Artist Feature | Jiani Lu
women who wander | -ING profiles graphic designer and photographer Jiani Lu
by Ysabella Chambers
The life of an artist, particularly that of a freelancer, is one that is often categorised as being plagued with uncertainty; that of ideas, of next moves, of career paths and so forth. In a 2011 article in New York magazine, economists argued that while today’s emerging creative professionals face some of the worst economic conditions since World War II, they are, at least, optimistic. In an age where twenty-first-century creatives are more driven then ever to pursue their work, it is becoming increasingly clear that it takes, however, more than just optimism. It takes, asJiani exemplifies, intentionality, persistence and some good information. In the spirit of adventure and artistic evolvement, last October, Canadian-born and Dubai-based Creative Jiani Lu went to Iceland and documented her trip for her photographic series, Jiani Goes. ING’s Ysabella Chambers speaks to Jiani about the creative process, making it happen, and the cultural landscapes from Toronto to Dubai.
YC: How would you describe yourself as a creative?
JL: I have great love for print design and have always been captivated by the tactility of the medium. There’s so much possibility and creative freedom in how we can express things by our choice of paper, print finishings and formats. While print design will always be my focus, I don’t like limiting myself to an area of design. I find myself experimenting and learning a lot through self initiated projects.
While much of the design work I do now-a-days is grounded in a digital approach, I’m much more interested in seeing how I can fuse analog, hands-on processes with digital processes. Self initiated projects often give me more freedom and time to experiment in a hands-on manner (e.g. building prototypes, sourcing and working with papers and materials, etc), and I’m trying to see how I can bring more of these processes into my freelance work.
I feel design is an incredibly powerful, universal communication tool. I’d like to think that my role as a designer means to create work that serves a functional purpose first, and is aesthetically pleasing second. Whether that purpose is making information more accessible or creating a visual language for brands to communicate to their demographic, design has the ability to enhance our visual and tangible experiences.
YC: Your photography, particularly the personal project ‘Jiani Goes’ inspires a sense of adventure. In what ways is adventure important to your creative process?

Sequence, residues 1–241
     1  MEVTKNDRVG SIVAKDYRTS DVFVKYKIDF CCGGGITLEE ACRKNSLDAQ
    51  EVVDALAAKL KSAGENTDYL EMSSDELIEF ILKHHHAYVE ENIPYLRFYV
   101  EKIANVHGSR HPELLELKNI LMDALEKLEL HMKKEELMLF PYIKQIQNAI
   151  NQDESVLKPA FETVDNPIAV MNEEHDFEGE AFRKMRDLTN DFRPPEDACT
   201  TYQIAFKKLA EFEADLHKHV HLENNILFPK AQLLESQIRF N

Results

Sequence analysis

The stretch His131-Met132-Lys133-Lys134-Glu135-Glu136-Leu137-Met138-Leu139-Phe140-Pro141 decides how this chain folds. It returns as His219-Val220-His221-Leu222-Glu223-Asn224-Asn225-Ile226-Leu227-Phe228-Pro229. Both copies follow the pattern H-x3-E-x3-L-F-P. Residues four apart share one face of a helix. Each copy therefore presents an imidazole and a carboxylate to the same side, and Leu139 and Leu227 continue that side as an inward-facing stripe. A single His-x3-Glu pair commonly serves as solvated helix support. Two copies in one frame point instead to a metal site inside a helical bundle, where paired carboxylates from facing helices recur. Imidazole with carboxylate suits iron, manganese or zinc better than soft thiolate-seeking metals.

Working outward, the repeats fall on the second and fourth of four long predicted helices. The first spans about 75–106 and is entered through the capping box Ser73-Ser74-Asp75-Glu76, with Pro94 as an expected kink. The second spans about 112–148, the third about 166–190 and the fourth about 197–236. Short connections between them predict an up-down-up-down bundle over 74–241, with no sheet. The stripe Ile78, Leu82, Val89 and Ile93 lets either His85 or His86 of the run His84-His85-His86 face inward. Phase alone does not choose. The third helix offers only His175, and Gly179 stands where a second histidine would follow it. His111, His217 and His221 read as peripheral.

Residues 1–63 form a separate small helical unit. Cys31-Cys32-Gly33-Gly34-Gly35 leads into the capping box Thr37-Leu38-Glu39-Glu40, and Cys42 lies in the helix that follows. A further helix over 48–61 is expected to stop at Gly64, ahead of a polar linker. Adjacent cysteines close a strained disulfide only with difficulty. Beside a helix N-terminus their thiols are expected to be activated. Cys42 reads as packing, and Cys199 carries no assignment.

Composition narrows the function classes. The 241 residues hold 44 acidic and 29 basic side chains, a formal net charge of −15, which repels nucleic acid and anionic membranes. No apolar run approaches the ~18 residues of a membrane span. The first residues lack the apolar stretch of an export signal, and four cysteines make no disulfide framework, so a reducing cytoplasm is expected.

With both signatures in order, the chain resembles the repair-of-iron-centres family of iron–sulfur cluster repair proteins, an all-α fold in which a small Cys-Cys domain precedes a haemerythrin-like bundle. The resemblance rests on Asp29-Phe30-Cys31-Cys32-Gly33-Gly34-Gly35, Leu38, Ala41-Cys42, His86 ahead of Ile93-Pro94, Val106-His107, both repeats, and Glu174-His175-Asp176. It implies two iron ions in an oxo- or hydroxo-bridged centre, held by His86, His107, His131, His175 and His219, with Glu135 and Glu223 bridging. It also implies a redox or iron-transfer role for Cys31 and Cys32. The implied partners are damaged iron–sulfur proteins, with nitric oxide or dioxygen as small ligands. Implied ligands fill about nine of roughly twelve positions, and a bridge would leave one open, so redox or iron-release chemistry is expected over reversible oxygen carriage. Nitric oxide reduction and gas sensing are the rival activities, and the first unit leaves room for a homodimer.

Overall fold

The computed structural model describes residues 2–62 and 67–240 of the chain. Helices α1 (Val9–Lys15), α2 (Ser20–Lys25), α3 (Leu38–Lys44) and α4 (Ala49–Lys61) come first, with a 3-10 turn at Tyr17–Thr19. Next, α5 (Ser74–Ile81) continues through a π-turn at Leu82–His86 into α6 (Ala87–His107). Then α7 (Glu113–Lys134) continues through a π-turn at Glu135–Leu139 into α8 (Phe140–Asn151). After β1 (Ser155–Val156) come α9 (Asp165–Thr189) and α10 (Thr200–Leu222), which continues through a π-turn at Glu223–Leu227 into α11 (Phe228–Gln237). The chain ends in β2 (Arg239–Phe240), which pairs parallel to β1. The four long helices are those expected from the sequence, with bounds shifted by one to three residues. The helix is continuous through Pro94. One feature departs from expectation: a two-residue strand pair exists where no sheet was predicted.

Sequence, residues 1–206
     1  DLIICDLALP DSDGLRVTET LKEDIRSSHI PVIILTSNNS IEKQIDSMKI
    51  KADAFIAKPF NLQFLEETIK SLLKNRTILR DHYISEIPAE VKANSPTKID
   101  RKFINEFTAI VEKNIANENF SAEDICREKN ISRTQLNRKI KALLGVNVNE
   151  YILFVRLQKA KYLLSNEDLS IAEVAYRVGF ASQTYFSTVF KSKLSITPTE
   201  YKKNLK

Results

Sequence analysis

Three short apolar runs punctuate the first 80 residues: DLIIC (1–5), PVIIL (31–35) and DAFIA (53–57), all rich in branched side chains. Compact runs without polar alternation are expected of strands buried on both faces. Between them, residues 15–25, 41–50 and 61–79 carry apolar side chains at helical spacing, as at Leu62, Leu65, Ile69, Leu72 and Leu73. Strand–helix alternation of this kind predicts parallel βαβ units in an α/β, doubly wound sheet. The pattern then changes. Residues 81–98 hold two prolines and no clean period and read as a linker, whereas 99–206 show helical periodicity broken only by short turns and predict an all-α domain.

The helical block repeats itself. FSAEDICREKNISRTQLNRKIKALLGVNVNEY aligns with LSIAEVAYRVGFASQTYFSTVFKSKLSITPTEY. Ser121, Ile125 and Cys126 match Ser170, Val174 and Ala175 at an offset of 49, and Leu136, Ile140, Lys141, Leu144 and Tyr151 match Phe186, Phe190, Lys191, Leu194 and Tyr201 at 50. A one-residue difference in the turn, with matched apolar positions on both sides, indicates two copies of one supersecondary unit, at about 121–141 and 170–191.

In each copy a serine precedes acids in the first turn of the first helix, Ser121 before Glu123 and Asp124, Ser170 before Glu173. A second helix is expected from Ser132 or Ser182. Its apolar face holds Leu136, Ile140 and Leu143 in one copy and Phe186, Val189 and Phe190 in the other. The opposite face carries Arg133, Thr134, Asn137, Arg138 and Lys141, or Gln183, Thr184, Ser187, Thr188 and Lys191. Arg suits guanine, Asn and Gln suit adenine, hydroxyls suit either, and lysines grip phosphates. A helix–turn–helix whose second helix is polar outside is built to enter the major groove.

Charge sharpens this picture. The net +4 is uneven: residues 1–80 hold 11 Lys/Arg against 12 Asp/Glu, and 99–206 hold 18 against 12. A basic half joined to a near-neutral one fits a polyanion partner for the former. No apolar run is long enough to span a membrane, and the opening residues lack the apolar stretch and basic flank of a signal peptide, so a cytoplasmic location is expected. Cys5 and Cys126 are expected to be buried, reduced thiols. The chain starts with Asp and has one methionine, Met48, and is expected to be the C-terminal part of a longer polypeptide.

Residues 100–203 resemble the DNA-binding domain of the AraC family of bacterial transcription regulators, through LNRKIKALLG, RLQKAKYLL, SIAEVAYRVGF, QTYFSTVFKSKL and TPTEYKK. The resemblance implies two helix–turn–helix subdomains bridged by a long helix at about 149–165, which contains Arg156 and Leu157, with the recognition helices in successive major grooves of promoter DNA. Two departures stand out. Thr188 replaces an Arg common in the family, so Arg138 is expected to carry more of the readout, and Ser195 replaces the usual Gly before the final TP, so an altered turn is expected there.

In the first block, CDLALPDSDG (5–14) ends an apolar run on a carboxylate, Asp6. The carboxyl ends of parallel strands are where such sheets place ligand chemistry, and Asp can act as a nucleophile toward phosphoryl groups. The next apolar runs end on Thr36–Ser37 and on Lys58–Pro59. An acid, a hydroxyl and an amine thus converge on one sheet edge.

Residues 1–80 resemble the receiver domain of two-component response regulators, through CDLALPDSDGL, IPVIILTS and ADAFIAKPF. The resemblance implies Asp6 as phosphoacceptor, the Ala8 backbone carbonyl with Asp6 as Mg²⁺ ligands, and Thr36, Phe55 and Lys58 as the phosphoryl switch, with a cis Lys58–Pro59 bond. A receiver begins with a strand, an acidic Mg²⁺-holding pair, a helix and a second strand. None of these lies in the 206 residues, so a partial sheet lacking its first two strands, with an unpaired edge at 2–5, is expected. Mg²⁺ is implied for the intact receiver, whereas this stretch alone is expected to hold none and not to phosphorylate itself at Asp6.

JL: Seeing new landscapes and interacting in new cultures has opened up my mind. I find it has been incredibly helpful in my self growth as an individual and as a creative. Every adventure I go on has allowed me to bring back new colour palettes, new inspirations, new ways of looking at things. There’s always a compelling beauty and scale in nature that I wish I could capture in my photography and designs.
YC: From my experience, Canada, in particular Toronto, is a place that actively fosters and celebrates creativity, how do you find it compares to Dubai?
JL: Toronto is an incredibly vibrant city that is fuelled by all creative disciplines - from design to animation, illustration, music, photography, dance, and the list goes on. There’s a lot of great talent, admirable studios, creative platforms and events that inspire.
Having lived in Dubai for 2 years, I feel there’s still a lot of room for growth in the creative community. It is a relatively young city, and it will take time for it to get there with the other design capitals. But there’s certainly been a big push towards closing that gap with the number of new creative events, studios and galleries opening. Emerging platforms in small and large scales from -ING to the Design District are bringing creative individuals together and making design a significant element in Dubai’s culture.
YC: When observing emerging designers and photographers, what grabs your attention?
JL: Aside from being inspired by the final piece, I’m always interested in seeing how other creatives approach their work. Taking specific interest in their brainstorming process, their inspirations and mood boards, experimentations and research.
It’s often hard to see the behind-the-scenes of how a project is put together as most of what we browse and read is the final result. So I try to read interviews and case studies, attend conferences and talks that reveal more about the creative process. In the past year I’ve begun collaborating with other creatives and that has been a tremendously valuable learning experience in seeing how others practice design.
YC: Finally, can you give us an insight into your favourite cities to visit?
JL: I find myself drawn towards vast nature and the great outdoors. In 2014 I did a solo 9 day road trip across Iceland and it has been by far the most memorable experiences of my life. I was fascinated by the untainted nature and overwhelming scale and beauty of the landscapes. Iceland is full of contrasts, I would be hiking through bubbling geothermal sites in the morning, and find myself in a glacial lake by evening. There were moments I was convinced I was on another planet, it was simply surreal.
Ysabella chambers is an Australian writer and Fine Arts graduate currently residing in Brisbane